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Turn motion into action to achieve your goals

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Join Tom Brown, Executive Director of Operations at Brewer Science, as he shares inspirational leadership advice and professional growth stories.

The key to achieving your dreams is understanding the difference between motion and action. Motion is essential to understanding the situation and knowing risks and potential pathways. Motion dramatically increases your chance of success. However, if you are merely going through the motion, you will soon recognize a lack of achievement. If you have motion without taking action, you will never achieve your goals. A plan without action is only a dream. Understand the difference between motion and action; start executing the actions of your project today, and you will be on track to achieving your goal.

Planning the right actionsMotion Blog


Not all actions will provide you with the right track to achieving your goal. Busy is not the same as progress. Thus, planning is essential to your efforts. Famously quoted by Benjamin Franklin, “If you fail to plan, you are planning to fail,” is true because you need to be strategic with your goal setting and take steps to create an action plan to achieve it.

 

One example of planning the right actions is outlining a SMART Goal. SMART goals are goals that are Specific, Measurable, Attainable, Relevant, and Time-based. The SMART goal outline allows for an organized goal-setting approach to achieving a higher objective.

 

Understanding optimistic approachesSMART GOALS

When faced with a decision in which I don’t see a clear option or answer in front of me, I pose this question, “It may not be right, but is it wrong?” I have used this principle successfully throughout my career because it keeps me propelling forward. Sometimes it might not be considered the correct path, but if it’s not the wrong one – I know it’s at least not a step backward. Sometimes that plan might be a sidestep or the road “less traveled by,” but there are three main benefits you reap by taking action:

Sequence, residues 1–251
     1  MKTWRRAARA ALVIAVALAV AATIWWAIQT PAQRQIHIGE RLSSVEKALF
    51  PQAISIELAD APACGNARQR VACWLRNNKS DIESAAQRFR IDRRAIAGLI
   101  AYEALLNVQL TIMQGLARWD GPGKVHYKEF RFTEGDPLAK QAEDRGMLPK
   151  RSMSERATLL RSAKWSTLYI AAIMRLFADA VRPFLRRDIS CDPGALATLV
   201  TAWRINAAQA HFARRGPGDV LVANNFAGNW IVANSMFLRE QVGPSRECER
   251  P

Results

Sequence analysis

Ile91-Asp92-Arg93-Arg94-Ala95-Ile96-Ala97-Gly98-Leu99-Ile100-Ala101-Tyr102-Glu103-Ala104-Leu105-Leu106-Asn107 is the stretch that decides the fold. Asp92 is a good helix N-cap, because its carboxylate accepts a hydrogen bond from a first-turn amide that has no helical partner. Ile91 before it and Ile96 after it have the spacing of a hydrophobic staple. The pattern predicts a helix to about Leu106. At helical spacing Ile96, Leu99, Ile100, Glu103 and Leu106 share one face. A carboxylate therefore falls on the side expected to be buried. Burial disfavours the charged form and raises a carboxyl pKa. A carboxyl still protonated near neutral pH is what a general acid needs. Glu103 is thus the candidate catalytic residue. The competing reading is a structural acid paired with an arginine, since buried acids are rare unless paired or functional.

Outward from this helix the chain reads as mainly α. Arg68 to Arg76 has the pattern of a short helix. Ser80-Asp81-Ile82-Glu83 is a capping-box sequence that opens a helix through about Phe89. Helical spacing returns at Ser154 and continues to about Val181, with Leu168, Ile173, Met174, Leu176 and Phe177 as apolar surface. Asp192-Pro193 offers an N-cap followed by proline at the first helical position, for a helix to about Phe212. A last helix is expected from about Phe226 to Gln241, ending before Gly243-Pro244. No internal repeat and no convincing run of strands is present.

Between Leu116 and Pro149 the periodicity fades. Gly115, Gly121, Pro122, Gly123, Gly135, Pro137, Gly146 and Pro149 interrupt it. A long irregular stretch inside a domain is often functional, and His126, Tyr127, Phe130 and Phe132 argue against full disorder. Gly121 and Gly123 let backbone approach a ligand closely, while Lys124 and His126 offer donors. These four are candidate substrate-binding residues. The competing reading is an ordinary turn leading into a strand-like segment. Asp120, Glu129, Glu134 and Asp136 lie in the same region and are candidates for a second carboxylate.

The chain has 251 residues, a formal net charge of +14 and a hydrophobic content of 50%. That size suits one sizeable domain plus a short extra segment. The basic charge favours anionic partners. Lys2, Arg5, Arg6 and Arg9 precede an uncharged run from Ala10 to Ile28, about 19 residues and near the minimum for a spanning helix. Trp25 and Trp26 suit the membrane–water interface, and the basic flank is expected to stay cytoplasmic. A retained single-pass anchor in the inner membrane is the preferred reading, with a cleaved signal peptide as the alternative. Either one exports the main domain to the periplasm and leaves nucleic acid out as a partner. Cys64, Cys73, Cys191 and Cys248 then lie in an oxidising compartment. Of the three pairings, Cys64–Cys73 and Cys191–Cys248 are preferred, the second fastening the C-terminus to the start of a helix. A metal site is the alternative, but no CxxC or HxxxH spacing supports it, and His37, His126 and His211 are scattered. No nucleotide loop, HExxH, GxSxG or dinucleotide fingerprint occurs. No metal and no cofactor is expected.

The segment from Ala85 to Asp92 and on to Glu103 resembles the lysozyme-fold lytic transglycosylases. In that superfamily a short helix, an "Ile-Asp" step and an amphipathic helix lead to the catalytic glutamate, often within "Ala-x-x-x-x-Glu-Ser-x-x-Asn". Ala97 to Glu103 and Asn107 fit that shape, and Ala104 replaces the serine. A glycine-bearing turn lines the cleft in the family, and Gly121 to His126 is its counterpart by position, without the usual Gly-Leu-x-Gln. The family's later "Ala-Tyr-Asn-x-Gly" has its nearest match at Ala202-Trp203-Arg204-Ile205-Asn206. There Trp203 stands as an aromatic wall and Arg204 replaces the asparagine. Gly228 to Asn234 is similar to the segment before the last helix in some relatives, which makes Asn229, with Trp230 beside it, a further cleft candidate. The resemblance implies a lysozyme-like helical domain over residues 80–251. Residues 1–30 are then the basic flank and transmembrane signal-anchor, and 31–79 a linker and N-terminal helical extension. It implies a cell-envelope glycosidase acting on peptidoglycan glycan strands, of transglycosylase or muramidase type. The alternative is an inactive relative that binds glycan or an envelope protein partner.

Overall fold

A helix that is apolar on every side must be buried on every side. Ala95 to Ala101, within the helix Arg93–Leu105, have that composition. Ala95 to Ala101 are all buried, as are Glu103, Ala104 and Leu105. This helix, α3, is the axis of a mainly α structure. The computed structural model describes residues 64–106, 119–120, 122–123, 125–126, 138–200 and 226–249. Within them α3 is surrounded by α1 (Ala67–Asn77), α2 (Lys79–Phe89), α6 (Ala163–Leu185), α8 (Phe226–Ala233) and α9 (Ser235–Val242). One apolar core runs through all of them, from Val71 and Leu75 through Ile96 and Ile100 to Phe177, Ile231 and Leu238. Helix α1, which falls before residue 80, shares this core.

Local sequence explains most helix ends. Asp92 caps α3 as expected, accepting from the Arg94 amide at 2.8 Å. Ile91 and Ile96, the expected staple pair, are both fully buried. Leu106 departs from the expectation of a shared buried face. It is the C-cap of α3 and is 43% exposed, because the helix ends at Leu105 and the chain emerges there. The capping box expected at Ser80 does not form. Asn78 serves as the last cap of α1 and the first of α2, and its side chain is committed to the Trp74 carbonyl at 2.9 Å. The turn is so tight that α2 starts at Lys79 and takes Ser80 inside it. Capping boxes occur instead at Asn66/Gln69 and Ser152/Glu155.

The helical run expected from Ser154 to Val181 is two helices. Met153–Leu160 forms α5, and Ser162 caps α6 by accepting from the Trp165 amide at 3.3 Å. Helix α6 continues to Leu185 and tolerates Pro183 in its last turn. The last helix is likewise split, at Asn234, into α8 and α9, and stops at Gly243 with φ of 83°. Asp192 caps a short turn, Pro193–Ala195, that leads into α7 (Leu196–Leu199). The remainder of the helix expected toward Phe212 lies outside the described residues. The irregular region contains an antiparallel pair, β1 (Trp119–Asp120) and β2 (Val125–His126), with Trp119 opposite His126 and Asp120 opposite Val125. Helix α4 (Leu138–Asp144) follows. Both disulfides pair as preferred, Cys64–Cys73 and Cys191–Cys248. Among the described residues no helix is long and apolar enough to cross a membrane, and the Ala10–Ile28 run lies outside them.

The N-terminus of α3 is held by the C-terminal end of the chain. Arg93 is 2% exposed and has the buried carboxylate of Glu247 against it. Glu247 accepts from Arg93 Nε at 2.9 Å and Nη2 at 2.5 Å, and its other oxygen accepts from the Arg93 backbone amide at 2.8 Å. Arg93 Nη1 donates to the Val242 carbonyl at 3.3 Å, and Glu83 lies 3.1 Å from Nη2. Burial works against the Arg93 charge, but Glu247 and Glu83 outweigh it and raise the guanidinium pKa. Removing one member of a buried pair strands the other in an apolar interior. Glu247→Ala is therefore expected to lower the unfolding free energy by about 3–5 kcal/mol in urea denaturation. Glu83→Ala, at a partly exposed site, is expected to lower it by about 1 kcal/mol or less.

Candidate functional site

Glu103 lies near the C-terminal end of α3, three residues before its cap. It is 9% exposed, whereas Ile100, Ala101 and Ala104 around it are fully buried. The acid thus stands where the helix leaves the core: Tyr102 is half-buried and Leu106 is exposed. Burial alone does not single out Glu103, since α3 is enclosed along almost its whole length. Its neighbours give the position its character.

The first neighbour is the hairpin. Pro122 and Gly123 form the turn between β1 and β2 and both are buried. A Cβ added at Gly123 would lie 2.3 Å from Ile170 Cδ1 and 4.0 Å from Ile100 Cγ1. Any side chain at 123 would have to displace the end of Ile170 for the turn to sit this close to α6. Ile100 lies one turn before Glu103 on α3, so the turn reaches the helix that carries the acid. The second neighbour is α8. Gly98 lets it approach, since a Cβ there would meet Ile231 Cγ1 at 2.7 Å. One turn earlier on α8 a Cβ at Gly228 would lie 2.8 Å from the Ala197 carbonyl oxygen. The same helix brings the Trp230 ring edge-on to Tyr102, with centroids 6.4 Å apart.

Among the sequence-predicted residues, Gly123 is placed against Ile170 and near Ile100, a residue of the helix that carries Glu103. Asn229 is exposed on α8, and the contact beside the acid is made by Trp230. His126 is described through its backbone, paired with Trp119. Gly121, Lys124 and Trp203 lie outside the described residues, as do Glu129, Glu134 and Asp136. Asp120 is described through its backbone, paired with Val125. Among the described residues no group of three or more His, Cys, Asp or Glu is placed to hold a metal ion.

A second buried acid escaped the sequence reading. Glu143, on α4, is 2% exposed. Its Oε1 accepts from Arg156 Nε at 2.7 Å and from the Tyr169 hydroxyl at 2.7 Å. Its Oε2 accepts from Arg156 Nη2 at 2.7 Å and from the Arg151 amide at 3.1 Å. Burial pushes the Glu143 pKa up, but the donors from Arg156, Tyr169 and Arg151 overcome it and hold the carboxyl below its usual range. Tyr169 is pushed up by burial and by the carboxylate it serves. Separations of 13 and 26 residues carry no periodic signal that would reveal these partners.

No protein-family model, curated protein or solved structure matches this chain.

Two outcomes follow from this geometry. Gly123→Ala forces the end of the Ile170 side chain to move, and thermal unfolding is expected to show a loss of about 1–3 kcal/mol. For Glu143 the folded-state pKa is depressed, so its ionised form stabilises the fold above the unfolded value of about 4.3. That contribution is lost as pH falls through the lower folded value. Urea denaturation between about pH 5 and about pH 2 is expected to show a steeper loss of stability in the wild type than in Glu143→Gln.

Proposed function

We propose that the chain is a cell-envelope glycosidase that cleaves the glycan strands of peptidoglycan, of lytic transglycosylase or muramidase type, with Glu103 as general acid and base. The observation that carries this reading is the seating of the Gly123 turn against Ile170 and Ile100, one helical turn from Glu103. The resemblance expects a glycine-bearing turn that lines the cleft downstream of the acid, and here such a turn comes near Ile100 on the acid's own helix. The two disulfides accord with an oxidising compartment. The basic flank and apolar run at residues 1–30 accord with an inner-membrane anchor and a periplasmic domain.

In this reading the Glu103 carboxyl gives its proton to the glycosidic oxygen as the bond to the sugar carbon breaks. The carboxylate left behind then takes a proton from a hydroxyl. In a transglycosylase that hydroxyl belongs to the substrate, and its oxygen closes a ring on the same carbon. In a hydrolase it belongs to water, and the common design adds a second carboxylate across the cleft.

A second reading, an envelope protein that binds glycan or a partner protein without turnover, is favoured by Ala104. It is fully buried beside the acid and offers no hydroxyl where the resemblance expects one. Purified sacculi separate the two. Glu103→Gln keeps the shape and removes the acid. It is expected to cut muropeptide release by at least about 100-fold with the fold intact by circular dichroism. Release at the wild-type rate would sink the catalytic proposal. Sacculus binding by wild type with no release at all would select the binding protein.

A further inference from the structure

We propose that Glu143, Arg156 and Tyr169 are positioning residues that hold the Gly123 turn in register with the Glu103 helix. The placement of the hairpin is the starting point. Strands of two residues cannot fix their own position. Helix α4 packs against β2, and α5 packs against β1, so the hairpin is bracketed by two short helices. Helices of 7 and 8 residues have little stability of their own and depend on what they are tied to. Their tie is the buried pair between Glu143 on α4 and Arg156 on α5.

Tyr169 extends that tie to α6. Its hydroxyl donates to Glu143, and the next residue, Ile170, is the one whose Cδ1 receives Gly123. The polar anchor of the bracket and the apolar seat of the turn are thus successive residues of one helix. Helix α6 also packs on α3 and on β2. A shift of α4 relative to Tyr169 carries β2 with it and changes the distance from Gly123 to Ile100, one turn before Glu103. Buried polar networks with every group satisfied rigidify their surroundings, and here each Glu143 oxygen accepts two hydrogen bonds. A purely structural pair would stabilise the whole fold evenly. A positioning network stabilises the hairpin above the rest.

1. You learn based on your actions. Even if it isn’t the ideal path, you know more than when you started. Remember, there isn’t a way to fail since “fail” is just your first attempt in learning.
  2. You gain momentum. You and your team have actions that keep you from being frustrated and stagnant. It engages people to move forward and keep looking at the end goals.
  3. You change your perspective. Moving down a path allows you to have a different view than where you stood before. A path may appear that might not have been visible before taking that step. That action may help you see around an obstacle and get back on the path forward.


Applying this concept to an actual workplace situationToday

Situation: Customer negotiates a larger safety stock of products that will require you to expand your storage area beyond your current capability. A facility expansion was not part of your strategic plan going forward.